One question often asked about a robust building envelope is whether it can be built too tight. Before the days of advanced building science, precision tools, and durable sealants, it was impossible to build a house too tight. However, as methods and materials improved, tighter building envelopes reduced heat loss and energy use, but they also trapped more moisture and stale air, both of which may be unhealthy for inhabitants. Opening windows is a low-tech solution to this problem, but it’s not recommended when outdoor temperatures or humidity could cause more harm, or more energy to run HVAC equipment. In those conditions, mechanical ventilation is recommended to exhaust stale air and replace it with fresh outdoor air, though through a mechanism to scrub humidity and temperature differences. The most common solutions today are the energy recovery ventilator (ERV) or the heat recovery ventilator (HRV); both of these are effective in exchanging air, and they offer about 90% efficiency in heat loss, but they also require energy to operate, and the outdoor air they bring in often requires more energy in HVAC operations. These trade-offs are discussed more in the energy chapter. Any house built with integrity, and detailed attention to air infiltration, should plan for mechanical ventilation. Even a standard code-minimum house can be just as tight as a home with a premium building envelope, and any tight house will suffer unhealthy levels of CO2, among other risks. Most code-minimum homes in the U.S. today would benefit from an ERV, but they are not required by code and are still quite rare. Our research showed that new and recently-built homes in the U.S. have an undiagnosed CO2 problem if there is no mechanical ventilation; we’ll address this concern over the next two chapters. Most custom homes built with a robust envelope do include mechanical ventilation; however, the operational energy needed to power this equipment works against the objective of minimizing operational energy use and loss from a premium envelope.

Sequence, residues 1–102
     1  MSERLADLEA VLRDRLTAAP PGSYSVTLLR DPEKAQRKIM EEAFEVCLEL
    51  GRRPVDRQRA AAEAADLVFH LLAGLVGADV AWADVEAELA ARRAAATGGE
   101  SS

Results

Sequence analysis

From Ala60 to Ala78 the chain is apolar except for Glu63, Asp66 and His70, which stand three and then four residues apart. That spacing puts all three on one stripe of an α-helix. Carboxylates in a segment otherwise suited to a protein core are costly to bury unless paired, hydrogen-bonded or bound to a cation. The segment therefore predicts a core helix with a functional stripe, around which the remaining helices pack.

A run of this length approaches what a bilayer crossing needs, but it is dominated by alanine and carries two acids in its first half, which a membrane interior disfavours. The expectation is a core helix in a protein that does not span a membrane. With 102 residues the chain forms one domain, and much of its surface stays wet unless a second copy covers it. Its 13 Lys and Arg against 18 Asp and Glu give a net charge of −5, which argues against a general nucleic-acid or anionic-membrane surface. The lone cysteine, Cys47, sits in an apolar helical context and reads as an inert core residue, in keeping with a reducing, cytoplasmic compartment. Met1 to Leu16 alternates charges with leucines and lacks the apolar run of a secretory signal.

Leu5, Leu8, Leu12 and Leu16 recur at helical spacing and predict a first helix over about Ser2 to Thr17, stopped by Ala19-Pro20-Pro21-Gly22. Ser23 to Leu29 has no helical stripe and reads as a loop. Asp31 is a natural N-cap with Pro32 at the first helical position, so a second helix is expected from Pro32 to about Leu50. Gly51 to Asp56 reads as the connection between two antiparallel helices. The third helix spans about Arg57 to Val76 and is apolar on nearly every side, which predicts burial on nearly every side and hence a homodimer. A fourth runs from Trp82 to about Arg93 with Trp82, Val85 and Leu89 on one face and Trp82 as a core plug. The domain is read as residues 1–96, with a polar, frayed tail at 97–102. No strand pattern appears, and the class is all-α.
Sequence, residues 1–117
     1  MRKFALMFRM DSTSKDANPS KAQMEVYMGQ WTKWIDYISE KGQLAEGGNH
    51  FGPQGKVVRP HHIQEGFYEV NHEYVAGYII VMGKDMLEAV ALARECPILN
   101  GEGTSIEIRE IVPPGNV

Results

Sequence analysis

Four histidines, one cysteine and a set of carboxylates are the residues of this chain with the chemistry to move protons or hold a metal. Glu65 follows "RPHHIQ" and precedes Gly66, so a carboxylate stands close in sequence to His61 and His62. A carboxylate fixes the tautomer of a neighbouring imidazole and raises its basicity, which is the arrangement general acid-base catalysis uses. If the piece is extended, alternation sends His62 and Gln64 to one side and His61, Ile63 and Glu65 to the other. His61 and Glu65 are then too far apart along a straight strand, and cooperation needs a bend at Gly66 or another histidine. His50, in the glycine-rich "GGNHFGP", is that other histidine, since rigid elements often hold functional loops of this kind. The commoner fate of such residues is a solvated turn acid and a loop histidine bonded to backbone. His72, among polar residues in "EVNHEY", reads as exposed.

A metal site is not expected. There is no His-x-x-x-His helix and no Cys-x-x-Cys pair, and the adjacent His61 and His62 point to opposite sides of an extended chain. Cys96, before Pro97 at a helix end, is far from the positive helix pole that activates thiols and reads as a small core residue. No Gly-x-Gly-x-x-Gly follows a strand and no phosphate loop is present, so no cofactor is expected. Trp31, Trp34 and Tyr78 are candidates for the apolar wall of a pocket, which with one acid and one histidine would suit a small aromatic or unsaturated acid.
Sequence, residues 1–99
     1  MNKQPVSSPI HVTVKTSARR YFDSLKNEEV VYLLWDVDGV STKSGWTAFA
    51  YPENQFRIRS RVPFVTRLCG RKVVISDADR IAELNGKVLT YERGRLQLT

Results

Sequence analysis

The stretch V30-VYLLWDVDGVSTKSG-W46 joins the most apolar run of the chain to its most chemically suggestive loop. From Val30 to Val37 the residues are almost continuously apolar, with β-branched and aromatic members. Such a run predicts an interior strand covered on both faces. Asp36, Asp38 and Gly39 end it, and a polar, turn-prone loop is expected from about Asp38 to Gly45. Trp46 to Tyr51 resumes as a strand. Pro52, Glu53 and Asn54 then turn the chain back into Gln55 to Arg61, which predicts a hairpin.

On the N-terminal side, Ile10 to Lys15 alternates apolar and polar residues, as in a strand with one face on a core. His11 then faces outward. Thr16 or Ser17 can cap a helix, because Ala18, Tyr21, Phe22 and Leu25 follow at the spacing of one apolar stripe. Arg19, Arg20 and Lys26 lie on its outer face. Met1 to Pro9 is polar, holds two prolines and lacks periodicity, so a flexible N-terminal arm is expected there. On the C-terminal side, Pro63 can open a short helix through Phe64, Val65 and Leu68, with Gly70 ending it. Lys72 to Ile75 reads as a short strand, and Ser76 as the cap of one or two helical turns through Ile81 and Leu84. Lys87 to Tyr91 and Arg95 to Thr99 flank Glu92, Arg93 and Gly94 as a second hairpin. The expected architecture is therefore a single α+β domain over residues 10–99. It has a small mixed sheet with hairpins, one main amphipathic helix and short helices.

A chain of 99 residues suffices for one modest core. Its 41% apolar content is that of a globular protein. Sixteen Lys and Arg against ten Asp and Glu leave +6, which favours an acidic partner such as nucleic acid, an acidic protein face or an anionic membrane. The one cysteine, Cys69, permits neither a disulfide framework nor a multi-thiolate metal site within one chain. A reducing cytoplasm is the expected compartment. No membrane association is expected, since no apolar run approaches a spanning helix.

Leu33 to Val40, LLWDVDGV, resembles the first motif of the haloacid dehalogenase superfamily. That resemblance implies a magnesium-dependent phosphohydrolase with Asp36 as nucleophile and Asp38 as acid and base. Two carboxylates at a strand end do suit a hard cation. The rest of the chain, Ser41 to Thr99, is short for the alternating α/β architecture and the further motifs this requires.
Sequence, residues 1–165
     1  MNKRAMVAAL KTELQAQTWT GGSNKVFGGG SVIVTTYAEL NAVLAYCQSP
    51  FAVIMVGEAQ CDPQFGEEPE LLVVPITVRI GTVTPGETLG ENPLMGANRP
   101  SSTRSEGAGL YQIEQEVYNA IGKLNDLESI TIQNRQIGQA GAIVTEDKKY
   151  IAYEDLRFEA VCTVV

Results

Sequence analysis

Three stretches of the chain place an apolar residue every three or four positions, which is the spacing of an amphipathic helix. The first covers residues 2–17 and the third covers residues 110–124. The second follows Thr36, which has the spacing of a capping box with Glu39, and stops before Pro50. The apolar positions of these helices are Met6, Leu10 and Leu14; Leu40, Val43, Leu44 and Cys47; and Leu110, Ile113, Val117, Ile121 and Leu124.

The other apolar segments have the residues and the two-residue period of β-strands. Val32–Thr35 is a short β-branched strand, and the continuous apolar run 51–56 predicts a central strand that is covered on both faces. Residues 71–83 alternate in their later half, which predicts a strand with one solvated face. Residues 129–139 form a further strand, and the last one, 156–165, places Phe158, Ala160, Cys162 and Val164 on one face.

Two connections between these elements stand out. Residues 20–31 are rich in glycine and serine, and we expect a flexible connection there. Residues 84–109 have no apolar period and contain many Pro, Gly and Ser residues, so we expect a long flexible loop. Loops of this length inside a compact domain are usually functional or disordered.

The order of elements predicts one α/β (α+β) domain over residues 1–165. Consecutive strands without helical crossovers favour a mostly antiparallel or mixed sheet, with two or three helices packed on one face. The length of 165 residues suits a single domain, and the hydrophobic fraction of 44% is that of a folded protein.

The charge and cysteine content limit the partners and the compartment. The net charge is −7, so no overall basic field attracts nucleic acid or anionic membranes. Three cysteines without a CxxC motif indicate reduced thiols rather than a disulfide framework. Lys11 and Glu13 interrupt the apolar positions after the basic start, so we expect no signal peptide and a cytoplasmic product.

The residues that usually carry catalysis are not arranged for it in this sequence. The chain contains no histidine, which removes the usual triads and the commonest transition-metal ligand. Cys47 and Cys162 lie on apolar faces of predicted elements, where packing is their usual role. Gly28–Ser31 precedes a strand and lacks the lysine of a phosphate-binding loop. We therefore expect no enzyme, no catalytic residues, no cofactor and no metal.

Opportunity Costs

Another factor to consider in building envelope upgrades is the opportunity costs; that is, what could be done with the same funds if not for the upgrades. Bolstering structural elements of the thermal envelope and upgrading windows and doors can quickly add tens of thousands of dollars to construction costs, and even into six figures; that is well more than would fund a solar PV system that could provide 100% of the home’s energy needs. For an average size American home, the cost of a premium envelope, with premium windows and doors, could purchase two new (long range) electric vehicles plus a solar PV system large enough to power the home and transportation. Shifting housing and transportation to clean renewable energy would cut the average American’s greenhouse gas emissions by at least 50%. If the homeowner laments the social and global injustices of climate change, a premium envelope forgone would fund enormous and perpetual relief to keep many from starving, or help thousands of poor people adapt to changing climate conditions. The possibilities for opportunity costs are endless, with just a few mentioned here. Stepping back from the homeowner’s tree (their home) to view the forest of global implication and consequence can help keep these choices in perspective.